Video: I saved all my trash for 2 weeks to see if I had more than the average Minnesotan

Minnesotans produce 5.5 to 6 million tons of trash every year.

Whether it's the straw you used to stir your coffee, or paper towels you used to dry your hands in a public restroom – most of us create trash every day.

And if you're anything like me, you probably throw your stuff in the garbage or recycling and never think about it again.

But did you know Minnesotans produce 5.5 to 6 million tons of trash every year? And according to the Minnesota Pollution Control Agency, that's just garbage from places like homes and businesses. It doesn't even count separated recyclables or construction debris.

That got me thinking: how much do I waste?

So I conducted a small-scale experiment to see how much I throw away. For two weeks, I held onto all of my trash. I brought used tissues home from work, and stored up my cat's used kitty litter (gross, I know), just to see what all I throw out.

And at the end of two weeks, I stepped on a scale to see how much trash I built up.

Eleven pounds.

I was pleasantly surprised to discover that's significantly less than the average Minnesotan. According to the MPCA, the average Minnesotan produces about 42 pounds – not counting recyclables – every two weeks.

Now I'm on to the second part of my experiment: can I go absolutely trash free for two weeks? I'll have that experiment update later this month.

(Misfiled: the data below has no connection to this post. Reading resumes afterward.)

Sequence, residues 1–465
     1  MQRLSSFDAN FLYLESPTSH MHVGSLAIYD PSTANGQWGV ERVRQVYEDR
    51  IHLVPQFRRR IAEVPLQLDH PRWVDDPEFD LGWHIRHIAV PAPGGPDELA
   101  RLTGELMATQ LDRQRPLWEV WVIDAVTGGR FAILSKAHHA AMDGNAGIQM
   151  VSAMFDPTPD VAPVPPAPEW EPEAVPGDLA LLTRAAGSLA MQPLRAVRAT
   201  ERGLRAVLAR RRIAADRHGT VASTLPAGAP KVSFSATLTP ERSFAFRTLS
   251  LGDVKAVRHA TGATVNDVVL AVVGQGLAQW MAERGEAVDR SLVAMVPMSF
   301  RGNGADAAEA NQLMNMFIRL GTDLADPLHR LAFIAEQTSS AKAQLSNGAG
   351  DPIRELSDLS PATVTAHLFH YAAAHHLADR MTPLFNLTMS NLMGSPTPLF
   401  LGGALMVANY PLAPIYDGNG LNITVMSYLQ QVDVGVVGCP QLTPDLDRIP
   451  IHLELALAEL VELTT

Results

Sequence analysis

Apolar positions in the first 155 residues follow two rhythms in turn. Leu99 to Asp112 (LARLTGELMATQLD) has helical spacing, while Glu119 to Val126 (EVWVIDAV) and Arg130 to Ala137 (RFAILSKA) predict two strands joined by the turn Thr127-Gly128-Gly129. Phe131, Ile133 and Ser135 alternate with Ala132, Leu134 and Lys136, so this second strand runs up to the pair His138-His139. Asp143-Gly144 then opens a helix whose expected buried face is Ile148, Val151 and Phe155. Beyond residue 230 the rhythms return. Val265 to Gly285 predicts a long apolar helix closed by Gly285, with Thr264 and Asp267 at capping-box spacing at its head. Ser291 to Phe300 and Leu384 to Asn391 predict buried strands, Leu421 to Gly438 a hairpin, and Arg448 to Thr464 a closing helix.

It is possible. This woman apparently kept four years of trash in a single mason jar.

More trashy facts

According to a report by the MPCA, Minnesotans produced about 5.5 million tons of trash in 2015. Each individual produced 2,000 pounds that year.

Of that, 32 percent of trash was sent to landfills, 44 percent was recycled, 23 percent went to waste-to-energy processing, and 1 percent was illegally dumped or burned.

Minnesota has 23 landfills that accept standard trash. Some of the most common items found in them include diapers, paper and cardboard, food and beverage containers, and organics.

The agency says that a recent waste composition study in Minnesota found that 63 percent of waste going to disposal or processing facilities could have been recycled or composted.

Food waste is also a big issue. Officials say 40 percent of food in the U.S. goes uneaten. That is more than 20 pounds of food per person every month.

The MPCA adds that most of that uneaten food ends up just rotting in landfills, and accounts for 25 percent of the country's methane emissions.

For tips on managing food waste, click here. And to learn how to make the most of the groceries you buy, click here. You can also check with your city or county to see if they have organics or compost services.

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